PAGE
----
Why do people appropriate the Internet?
The Jia Junpeng case shows that there are both general and specific reasons that users appropriate the Internet. At a general level, their appropriation of Internet forums and spaces is a reflection of social sentiments. Chinese commentators point to the sense of alienation and isolation in contemporary life. Many responses to the Jia Junpeng posting express feelings of boredom. One post says, for example, “What I am posting is not a post. I am posting loneliness.” Other social sentiments, such as nationalism, patriotism, and anger with corrupt officials have also electrified Chinese cyberspace from time to time.
Specific reasons for appropriating the internet vary a great deal. In the Jia Junpeng case, Chinese observers have remarked that it was at least partly an outpouring of frustration by members of that particular online forum. The forum is set up for players of the popular game World of Warcraft. At that time, the parent company of World of Warcraft, Blizzard Entertainment, had just selected netease.com as its new China representative. In preparing to launch the game, however, netease.com had encountered difficulties in obtaining a license. On June 30, 2009, Netease issued a public statement apologizing to consumers for the delay in launching the game. This was frustrating to the members of the forum. Thus, the Jia Junpeng posting became an occasion for expressing their frustration. This would seem to suggest a kind of consumer activism – people appropriated the Jia Junpeng message to express their dissatisfaction as consumers of a popular internet game.
Users also appropriate the Internet for political purposes. This is what happened when the Jia Junpeng phrase was later used by Chinese bloggers to call for the release of activist-blogger Guo Baofeng. At that point, an innocuous and cryptic phrase turned into a potent political slogan.
It is well known that the Internet is closely monitored and controlled in China. How can people use it for subversive purposes?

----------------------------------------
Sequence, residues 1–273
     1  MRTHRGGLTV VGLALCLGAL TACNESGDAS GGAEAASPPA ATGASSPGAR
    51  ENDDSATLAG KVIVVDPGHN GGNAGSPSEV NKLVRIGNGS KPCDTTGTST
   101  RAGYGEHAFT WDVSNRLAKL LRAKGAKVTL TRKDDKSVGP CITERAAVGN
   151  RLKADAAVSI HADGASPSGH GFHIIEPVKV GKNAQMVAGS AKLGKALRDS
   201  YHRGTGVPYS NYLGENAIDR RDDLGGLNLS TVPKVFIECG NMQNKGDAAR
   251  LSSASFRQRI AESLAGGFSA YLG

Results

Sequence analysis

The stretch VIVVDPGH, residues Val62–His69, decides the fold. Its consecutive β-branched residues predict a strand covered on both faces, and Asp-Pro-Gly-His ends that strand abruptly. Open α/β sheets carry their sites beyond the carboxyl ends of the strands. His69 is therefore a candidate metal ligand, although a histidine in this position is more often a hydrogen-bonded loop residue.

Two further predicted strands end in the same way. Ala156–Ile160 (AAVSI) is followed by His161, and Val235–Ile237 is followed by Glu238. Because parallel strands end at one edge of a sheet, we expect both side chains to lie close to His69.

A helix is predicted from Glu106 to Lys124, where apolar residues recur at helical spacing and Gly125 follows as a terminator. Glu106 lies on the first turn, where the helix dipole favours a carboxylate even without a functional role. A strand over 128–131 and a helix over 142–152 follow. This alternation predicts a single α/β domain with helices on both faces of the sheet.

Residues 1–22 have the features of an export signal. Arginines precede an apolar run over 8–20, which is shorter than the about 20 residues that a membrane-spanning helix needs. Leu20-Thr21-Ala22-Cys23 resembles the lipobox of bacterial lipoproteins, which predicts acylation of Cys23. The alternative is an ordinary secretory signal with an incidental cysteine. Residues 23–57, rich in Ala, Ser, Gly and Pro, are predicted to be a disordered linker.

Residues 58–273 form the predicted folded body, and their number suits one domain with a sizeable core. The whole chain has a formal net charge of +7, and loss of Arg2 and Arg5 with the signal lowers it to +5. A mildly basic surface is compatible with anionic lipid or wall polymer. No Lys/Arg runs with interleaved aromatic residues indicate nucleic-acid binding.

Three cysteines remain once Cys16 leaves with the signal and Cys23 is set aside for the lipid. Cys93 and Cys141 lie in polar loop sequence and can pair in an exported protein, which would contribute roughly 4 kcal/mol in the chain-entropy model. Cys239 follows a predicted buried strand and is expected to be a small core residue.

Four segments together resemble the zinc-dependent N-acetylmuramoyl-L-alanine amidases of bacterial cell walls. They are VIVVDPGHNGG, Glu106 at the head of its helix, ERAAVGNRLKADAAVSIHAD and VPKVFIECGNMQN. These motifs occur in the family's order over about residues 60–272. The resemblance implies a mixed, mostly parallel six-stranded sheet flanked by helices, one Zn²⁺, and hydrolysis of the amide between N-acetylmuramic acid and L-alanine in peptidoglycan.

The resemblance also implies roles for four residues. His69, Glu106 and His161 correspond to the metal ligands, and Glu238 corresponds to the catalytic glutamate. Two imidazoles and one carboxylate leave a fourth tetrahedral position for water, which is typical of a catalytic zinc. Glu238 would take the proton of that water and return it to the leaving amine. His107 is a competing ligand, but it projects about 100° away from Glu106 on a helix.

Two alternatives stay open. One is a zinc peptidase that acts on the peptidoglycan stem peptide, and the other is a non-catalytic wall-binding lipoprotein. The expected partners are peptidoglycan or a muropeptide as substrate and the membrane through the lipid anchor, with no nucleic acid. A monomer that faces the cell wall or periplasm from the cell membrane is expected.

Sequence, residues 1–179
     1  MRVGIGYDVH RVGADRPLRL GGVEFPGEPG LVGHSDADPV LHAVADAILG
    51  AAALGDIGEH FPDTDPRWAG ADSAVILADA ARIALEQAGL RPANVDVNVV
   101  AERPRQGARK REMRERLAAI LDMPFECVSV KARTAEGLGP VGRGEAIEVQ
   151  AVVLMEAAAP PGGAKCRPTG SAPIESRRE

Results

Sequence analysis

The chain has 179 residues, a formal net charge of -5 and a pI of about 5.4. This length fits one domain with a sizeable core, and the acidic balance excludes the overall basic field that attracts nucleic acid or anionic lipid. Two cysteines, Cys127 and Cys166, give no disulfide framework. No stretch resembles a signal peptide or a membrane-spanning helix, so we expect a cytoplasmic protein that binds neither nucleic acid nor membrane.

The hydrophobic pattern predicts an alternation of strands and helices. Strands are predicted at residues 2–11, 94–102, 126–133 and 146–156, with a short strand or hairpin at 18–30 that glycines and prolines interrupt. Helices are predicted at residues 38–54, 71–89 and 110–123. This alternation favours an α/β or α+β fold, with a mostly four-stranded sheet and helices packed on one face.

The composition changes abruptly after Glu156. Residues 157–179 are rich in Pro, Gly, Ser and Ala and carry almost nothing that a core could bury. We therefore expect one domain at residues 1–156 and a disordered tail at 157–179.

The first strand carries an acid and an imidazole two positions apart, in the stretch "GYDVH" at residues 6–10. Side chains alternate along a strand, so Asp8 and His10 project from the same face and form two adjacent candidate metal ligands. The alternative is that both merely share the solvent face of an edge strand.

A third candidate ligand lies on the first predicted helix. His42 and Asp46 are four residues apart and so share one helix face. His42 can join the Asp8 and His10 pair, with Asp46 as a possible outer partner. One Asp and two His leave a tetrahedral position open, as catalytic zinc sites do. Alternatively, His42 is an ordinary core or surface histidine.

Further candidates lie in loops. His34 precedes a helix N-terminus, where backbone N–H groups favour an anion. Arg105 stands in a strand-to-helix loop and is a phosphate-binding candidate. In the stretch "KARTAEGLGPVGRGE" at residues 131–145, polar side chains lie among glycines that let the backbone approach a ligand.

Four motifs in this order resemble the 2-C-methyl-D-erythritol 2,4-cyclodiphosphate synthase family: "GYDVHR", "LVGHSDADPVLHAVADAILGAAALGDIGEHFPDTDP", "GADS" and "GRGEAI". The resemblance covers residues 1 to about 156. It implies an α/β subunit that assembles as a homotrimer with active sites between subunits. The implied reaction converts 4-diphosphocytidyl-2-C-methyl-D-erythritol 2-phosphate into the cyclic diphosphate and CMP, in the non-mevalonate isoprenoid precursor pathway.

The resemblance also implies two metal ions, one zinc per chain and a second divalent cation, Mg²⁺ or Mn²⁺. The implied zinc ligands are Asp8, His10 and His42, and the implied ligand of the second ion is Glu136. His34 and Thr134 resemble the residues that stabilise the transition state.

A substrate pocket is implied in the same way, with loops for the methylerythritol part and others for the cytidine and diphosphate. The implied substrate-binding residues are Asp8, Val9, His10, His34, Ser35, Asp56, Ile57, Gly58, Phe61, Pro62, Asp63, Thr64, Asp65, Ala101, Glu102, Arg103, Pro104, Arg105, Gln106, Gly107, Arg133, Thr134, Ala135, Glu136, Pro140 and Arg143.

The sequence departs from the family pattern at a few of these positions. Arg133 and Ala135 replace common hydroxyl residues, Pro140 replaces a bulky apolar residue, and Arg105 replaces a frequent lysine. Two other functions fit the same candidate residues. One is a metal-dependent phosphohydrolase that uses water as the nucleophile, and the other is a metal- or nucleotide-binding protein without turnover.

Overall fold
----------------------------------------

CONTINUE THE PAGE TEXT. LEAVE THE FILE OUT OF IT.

The issue is not simply a matter of citizen expression versus state control, or freedom versus repression, though these are of central importance. Even during more controlled periods such as the Cultural Revolution, there were what Tang Tsou calls “zones of indifference” which state power did not try to penetrate or control. In some ways, cyberspace is easier to control. A vast online community, for example, may be monitored from a small central control office. Entire networks can be shut down. Yet this does not mean Chinese cyberspace does not have its own “zones of indifference.” Gaming communities, like the one where the Jia Junpeng case happened, are less of a concern for state authorities than online forums on current affairs. In Chinese cyberspace there are also issues of indifference to the state – everyday-life issues that do not touch on the state’s central nerve systems. The Jia Junpeng posting is such an issue (if it is an issue at all). Yet as often happens in Chinese politics, it is through these zones and issues of indifference that people begin to make difference. There exists only a thin line between matters of indifference and difference.
Moving beyond the state-society framework, we will also need to look at the multiple dimensions of the Internet – its economics, culture, society, as well as politics. The government is not the only player in this game. There are other players as well, especially commerce and community. Internet businesses have a vested interest in encouraging user participation. Online communities are an essential component of all major commercial web sites, because they help to build a user base and attract web traffic. Commercial and social forces thus provide favorable conditions for user participation.